It Was A Guessing Game Turned Magical

by Lillian Son

This post is one in a short series of reflections by students at Health Sciences High and Middle College in San Diego, CA, who enrolled in a blended-learning version of Poetry in America for Teachers: The City from Whitman to Hip Hop in Spring 2017. Click HERE for more.

Signing up for this course, I knew it would be a struggle since, in my mind, poetry did not have concrete evidence. It was a guessing game where you had to hack through the emotions of an author. Lacking the knowledge and skills to ‘open up a poem’ and find the key to the real treasure, I felt compelled to finally understand what a poem meant. This class was my catalyst to a new understanding.

Each week, we were assigned a new set of poems to analyze and write a discussion post on. In addition to this, the units contained videos to watch and comment on in an online discussion board within our learning cohort. Also, the face-to-face classes with Professor Bellows that we had once a week allowed us to annotate, collaborate, and delve into individual perspectives of reading poetry. As a group, we would look over the lesson and poems for the week and make a plan on how we were going to tackle each assignment. Being together helped my understanding of each assignment and also gave immeasurable support from my peers and instructor. Further, twice during the semester, we wrote analytical essays. Instead of struggling through the drafting process alone, we had writing workshops to help conceptualize poems, articulate ideas, and apply the information in the teachers’ videos into our writing. It made life a lot easier to collaborate and get immediate feedback. After those sessions, I would go back home and be able to refine my wording and feel confident in the purpose of my piece.

When I saw that our final was teaching a class I was confused. How was I, a student,  supposed to teach something I struggle with? I had no idea, but while my group and I were planning for our lesson, I knew we had the tools needed to teach the lesson. Professor Elisa New of Harvard and our professor at HSHMC, Khriseten Bellows, had taught us many skills for reading and understanding poetry. Some of these skills included making observations in a poem –noticing what human senses would be highlighted, what type of poetic structure or form an author would use, finding out why authors use certain poetic devices like alliteration, imagery, etc…, trying to figure out when in history certain poems were written, and how that affected the meaning behind a poem. With these skills in our tool belts, we realized that we were able to teach a lesson of poetry to a group of students who had little to no experience of interacting with poetry.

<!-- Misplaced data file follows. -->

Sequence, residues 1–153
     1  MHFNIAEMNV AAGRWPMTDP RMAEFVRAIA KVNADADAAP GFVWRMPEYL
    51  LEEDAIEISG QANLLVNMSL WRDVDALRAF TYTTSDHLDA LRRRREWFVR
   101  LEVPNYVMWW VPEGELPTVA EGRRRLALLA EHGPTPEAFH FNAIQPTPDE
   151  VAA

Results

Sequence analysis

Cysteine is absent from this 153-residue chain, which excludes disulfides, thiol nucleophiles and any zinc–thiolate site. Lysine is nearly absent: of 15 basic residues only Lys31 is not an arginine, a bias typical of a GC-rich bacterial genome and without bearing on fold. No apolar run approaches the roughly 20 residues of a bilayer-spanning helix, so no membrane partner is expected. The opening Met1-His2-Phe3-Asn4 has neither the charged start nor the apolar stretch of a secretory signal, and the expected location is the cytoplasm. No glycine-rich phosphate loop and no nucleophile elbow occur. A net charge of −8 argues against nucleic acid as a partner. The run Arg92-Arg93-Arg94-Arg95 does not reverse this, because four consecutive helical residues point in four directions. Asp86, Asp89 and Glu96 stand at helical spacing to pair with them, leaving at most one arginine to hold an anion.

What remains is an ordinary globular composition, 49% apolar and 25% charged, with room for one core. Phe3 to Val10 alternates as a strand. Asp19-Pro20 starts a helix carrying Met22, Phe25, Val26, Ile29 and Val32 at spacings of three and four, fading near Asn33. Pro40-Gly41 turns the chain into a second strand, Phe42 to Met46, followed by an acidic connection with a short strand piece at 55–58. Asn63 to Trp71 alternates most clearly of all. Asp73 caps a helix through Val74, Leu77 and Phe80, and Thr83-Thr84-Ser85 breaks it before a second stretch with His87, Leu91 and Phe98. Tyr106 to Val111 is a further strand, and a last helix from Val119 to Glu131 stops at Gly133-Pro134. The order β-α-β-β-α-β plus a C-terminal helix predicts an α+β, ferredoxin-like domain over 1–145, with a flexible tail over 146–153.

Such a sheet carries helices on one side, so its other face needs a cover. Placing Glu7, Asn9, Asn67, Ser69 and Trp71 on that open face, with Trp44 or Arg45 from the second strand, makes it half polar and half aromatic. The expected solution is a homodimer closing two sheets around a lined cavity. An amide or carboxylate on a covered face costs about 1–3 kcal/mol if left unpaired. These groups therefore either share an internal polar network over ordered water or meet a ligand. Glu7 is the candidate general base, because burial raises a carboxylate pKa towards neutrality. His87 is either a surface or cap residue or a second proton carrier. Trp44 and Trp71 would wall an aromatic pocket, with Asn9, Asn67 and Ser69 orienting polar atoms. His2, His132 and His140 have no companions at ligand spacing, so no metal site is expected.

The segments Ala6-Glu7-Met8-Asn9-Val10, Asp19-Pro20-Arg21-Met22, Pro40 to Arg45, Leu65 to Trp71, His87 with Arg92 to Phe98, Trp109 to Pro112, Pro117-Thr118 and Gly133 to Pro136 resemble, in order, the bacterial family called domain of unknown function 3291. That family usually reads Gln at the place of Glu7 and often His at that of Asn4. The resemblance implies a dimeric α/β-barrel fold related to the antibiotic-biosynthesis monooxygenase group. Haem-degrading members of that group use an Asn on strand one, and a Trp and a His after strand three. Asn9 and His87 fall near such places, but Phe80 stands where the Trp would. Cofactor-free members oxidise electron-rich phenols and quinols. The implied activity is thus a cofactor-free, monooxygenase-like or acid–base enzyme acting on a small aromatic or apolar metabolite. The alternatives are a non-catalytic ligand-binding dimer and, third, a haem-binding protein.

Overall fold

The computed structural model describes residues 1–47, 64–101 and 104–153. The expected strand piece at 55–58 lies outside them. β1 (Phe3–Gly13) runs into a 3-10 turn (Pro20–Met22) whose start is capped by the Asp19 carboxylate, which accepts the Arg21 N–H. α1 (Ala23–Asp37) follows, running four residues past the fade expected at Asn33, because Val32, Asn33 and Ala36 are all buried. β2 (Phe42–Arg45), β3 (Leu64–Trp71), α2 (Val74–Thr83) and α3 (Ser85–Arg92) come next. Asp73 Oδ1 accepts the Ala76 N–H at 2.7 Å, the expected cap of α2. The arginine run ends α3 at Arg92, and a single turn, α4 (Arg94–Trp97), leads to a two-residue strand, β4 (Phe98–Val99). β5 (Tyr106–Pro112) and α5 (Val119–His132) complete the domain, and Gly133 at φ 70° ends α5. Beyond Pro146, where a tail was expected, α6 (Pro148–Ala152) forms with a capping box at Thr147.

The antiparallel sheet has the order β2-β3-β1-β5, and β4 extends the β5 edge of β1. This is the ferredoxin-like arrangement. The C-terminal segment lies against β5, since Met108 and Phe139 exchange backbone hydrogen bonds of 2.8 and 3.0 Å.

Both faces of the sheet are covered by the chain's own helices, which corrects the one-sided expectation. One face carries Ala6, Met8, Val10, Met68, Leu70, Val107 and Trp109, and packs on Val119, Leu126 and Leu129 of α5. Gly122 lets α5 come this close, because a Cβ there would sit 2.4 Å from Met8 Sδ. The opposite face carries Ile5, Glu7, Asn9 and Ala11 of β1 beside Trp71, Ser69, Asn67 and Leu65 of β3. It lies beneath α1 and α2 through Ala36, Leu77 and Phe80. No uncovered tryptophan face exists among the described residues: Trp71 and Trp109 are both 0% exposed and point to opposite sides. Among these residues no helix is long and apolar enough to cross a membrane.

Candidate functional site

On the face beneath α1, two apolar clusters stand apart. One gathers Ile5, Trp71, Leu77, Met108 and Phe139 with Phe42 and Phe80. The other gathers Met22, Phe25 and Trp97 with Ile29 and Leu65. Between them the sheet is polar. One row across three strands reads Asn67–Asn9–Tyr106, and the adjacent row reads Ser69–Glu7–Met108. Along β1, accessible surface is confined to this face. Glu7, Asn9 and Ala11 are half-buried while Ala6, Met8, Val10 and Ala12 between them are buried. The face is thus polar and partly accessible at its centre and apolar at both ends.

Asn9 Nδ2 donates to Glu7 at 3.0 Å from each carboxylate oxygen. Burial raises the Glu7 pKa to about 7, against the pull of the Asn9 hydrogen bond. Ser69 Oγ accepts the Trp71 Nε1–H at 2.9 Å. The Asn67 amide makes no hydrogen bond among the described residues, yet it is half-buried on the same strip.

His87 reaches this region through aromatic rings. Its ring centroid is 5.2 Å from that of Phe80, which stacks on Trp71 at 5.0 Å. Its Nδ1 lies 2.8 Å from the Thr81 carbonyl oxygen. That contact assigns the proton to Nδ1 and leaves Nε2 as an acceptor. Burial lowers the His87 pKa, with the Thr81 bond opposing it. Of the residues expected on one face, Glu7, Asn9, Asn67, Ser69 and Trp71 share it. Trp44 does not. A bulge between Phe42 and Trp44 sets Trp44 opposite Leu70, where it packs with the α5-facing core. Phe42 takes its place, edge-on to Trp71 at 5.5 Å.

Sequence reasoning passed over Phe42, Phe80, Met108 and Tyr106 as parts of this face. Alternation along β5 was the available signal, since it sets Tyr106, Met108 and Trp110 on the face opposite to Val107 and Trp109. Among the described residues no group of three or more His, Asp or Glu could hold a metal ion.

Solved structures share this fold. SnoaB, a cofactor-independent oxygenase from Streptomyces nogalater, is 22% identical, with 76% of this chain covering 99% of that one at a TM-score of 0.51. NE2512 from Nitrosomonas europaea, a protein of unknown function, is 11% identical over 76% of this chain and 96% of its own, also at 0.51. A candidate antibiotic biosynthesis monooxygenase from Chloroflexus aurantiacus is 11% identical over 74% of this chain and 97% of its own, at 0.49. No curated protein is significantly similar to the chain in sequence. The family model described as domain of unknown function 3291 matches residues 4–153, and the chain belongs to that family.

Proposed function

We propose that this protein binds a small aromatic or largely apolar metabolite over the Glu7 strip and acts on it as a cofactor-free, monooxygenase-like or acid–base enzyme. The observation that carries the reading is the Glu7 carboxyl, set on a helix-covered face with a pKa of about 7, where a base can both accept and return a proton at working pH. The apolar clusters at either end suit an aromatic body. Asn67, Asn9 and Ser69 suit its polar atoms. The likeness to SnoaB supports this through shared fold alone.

In my group’s final project, we highlighted the poem “The White City” by Claude McKay. When planning, we had to encourage a group of forty kids to explore meanings and develop conclusions about a poem, explaining the timeframe and the author, as well as strategies for  dissecting a poem. In the course, there were videos of teachers instructing their students in poetry analysis. In leading the class in a specific direction, they asked students questions to look more deeply into the text. To get our students to peel the multiple layers of the poem, we followed those teachers’ lead and came up with questions like “What is Claude Mckay trying to express in this poem?” and “What is his heaven?” Each student would have to look at the metaphors in the text, considering the time when it was written (the 1920’s), to find what Claude Mckay was expressing in his poem. While finding the clues in small groups, we teachers checked in, as Professor Bellows did during our in-person meetings throughout the semester.  She would have us, as a group, tackle a poem by telling us its properties and giving us a question  to answer with evidence from the poem. Using her modelling, we challenged our students’ answers and pushed them to apply reasoning and evidence to analyze more deeply. These skills really became clear when they shared out to the whole class.

With the tools I learned from the class Poetry in America for Teachers: The City from Whitman to Hip Hop, not only was I able to grasp a new understanding of poetry and enjoy debating with my classmates about it, but I was also able to successfully teach a class about poetry. What an invaluable experience!

Watch Lilly’s poetry lesson here:

Click HERE to read a post by Lilly’s classmate, Max.

Click HERE to read a post by Lilly’s teacher, Khriseten Bellows.